the label art for shimmy and i’s current teas C: shims wrote some excellent ficlets to accompany the blends, so watch for them~
The first cup Karl ever made for him had crushed elfroot in it, but to cut the bitterness—all healing things were bitter in some way—he added honeybush. Anders remembered what happened next more than the taste on his tongue, all the terrible honeybush puns and then, warmer, deeper, the moment the word became kisses, before kisses became a nickname.
No one else called him Honeybush. They didn’t call anyone else that, either. It was more than Anders and better than anything, a cup of tea when he returned from a half-planned dip in Lake Calenhad that left him soaking, lips and fingernails blue, teeth clacking together like a reanimated skeleton’s.
‘Did you learn anything at all this time, Anders?’ Karl asked.
‘Don’t go for a swim during a Fereldan winter?’ Anders replied.
It was never easy, not even back then. But it was sweet and warm alongside bitter, at least from time to time.
On the new year, Hawke brought him a mug that wasn’t broken and a satchel of dried leaves. ‘I don’t know why,’ he said, stamping the snow off his boots, ‘but you remind me of honeybush, Anders. Father always drank it, only I was too young to appreciate the taste.’
‘I’ll make us both a cup, then,’ Anders said, and Hawke stayed the whole night through.
TURN AND FACE THE TIGER EYE
Fenris had swallowed many bitter brews in his time, and none that he had steeped for himself.
Hadriana’s halls smelled of the roses she crushed and, if one believed her, her lips tasted of them as well. Danarius, on the other hand—twisted, taloned, grasping as it was—drank his dark, from Rivain’s seers, and showed off the future in the bottom of his cups to make all his guests applaud the entertainment.
Fenris preferred wine.
‘I prefer wine,’ he said, but Hawke’s mother left the dry leaves with him nonetheless, and the smell of them was neither roses nor smoke. Fenris set them on the desk near his bed, upon an open book, where it gave sweet scents to the cracked pages.
Two nights after her death—‘Please,’ she had said, ‘you must learn to call me Leandra’—Fenris was taught the way of kettles and boiling water and patience by the talkative house dwarf in Hawke’s kitchen.
‘We shall drink,’ he told Hawke.
‘I hope you brought the strong stuff,’ Hawke said. ‘Aggregio Pavali?’
‘I brought tea,’ Fenris replied.
He drank it often after that—though he could never find a blend to match that very first cup.
Garrus enjoyed a life-or-death situation as much as the next turian—probably more than the next turian—but he was more about the shooting than the smoke that came after.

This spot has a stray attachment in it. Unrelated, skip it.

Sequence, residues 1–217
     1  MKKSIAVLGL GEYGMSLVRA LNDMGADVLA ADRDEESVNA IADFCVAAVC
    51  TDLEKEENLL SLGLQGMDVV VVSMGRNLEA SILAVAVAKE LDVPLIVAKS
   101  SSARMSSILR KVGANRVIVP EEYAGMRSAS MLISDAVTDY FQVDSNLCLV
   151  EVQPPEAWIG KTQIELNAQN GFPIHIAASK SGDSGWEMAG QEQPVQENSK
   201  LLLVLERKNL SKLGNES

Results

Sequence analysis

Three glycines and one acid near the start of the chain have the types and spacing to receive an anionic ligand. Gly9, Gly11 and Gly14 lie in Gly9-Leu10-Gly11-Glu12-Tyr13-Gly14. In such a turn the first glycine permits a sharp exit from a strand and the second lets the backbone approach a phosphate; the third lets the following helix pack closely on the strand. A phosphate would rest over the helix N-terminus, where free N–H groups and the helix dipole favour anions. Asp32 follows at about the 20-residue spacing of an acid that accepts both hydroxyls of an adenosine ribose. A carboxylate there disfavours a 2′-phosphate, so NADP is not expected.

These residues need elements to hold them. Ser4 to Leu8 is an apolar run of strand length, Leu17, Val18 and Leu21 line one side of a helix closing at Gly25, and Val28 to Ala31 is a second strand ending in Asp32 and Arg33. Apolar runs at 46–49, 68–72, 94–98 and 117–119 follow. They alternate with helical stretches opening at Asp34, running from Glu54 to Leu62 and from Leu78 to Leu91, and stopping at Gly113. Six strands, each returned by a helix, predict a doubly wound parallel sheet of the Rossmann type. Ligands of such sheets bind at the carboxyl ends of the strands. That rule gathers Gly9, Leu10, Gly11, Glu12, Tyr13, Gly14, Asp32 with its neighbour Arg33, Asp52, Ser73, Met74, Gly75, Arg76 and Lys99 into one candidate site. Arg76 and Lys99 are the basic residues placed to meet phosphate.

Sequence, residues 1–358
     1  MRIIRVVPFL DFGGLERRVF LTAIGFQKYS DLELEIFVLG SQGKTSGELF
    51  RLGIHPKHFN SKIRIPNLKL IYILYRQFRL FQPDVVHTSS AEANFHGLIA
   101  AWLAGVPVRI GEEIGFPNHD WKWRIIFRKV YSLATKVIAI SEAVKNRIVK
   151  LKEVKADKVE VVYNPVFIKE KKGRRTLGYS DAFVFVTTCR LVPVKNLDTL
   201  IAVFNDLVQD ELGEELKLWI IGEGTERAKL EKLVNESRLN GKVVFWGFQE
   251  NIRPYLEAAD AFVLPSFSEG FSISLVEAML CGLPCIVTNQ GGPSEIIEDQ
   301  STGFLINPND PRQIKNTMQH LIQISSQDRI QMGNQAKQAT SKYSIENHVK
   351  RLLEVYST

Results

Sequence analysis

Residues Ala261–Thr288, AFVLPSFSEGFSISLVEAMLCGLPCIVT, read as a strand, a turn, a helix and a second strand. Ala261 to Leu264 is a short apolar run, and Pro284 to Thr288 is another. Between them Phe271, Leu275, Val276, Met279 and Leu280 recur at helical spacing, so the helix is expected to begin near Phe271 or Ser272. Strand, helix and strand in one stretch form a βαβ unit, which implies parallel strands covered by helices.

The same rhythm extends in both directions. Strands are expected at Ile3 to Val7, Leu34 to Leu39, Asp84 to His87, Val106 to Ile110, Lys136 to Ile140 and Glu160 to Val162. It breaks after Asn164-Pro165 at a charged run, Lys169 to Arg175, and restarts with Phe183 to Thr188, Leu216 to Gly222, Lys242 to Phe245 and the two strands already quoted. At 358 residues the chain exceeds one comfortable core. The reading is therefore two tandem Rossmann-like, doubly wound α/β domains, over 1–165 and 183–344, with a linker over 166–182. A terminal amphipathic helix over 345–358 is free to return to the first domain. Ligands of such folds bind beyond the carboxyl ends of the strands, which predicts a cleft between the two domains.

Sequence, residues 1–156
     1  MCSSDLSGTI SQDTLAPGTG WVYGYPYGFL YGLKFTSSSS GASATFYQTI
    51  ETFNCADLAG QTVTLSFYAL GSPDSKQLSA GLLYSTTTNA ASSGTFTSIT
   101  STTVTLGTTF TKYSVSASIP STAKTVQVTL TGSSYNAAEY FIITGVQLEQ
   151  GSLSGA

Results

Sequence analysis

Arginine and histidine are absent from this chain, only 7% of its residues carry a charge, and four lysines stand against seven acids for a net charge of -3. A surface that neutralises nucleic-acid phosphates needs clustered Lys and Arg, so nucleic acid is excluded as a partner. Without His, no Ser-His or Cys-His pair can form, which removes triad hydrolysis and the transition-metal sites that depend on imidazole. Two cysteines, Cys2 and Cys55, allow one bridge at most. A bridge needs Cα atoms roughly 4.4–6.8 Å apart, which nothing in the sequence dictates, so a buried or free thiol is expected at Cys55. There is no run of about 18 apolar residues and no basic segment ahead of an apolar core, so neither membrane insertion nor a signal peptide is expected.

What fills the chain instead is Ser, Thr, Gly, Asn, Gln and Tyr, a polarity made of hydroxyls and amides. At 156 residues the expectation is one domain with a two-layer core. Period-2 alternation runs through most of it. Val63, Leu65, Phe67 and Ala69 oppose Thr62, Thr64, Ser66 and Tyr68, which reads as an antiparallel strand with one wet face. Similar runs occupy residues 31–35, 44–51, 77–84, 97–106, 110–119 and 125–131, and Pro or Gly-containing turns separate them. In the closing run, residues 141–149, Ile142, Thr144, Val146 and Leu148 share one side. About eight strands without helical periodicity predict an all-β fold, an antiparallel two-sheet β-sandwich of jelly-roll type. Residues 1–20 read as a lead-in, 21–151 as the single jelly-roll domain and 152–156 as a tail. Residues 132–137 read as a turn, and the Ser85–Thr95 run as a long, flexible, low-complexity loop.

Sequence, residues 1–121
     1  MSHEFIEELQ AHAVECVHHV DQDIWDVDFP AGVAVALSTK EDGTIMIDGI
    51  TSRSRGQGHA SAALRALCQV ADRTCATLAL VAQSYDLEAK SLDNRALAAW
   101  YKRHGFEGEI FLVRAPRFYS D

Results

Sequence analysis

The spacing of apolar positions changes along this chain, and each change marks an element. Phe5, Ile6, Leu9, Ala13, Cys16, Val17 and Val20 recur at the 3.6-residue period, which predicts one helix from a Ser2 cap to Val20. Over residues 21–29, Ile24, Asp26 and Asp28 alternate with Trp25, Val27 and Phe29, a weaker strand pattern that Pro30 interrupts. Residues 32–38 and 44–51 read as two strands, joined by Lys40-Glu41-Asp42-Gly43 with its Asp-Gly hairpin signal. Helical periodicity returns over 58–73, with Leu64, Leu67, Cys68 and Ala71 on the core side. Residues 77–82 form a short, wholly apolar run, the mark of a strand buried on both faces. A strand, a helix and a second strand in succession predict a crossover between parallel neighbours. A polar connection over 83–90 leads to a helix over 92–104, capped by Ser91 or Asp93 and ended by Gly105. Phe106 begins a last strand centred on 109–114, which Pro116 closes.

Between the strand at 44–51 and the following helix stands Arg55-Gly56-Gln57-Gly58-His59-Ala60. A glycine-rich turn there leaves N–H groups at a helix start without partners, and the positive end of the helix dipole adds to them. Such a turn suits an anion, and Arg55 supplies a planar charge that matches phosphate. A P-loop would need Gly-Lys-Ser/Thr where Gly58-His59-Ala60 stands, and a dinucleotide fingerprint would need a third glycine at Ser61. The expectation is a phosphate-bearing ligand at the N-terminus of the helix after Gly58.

While the other members of the emergency rescue squad drank coffee from thermoses, Garrus polished his rifle, watching the sun change position throughout the day. A planet’s biggest and closest star was greatest sniper there was; it always had you somewhere in its sights.
And when it didn’t, it still hadn’t forgotten the target you made.
Garrus saved his victory drink for the one person he’d promised his first toast to before the smoke that came after, during the life-or-death situations they both enjoyed—or at least found themselves a part of so often.
It wasn’t as though the options for dextro-amino based refreshments were anything but slim as a turian’s waist above the hips, either.
‘You wait, I’ll wait,’ Garrus said. Shepard wasn’t cleared to drink any alcohol yet anyway, nursing a thermos of tea instead, while the steam rose against Garrus’s old scar like a blue-blooded blush—or the smoke that always came after.
They served coffee in the Normandy mess, from instant grounds that must’ve been left in stasis with Javik because that was about how old they tasted. A single cup burned like diesel, closing the throat up tighter than if you’d swallowed a whole tube of omni-gel.
Vega drank three cups every morning and didn’t even bat an eye. He was still young enough that he thought he needed to prove a big thing with all the little ones but he’d learn, eventually, after smashing against the walls that wouldn’t give no matter how hard his head was.
‘I don’t know, Shepard,’ Kaidan said, nursing a single, rancid hot-cup full of too many creamers. ‘Tastes a little…primitive to me.’
Shepard chuckled. ‘At least it stays down, Kaidan.’
Someday, on shore leave, on vacation, on their own, Kaidan would drink tea again, from a mug he’d use every morning, with his fingers wrapped around the sides to keep in the warmth. And, if he was lucky, Shepard would be on the couch, knocking back instant coffee that could’ve powered the Normandy’s thrusters, waiting for Kaidan to have breakfast.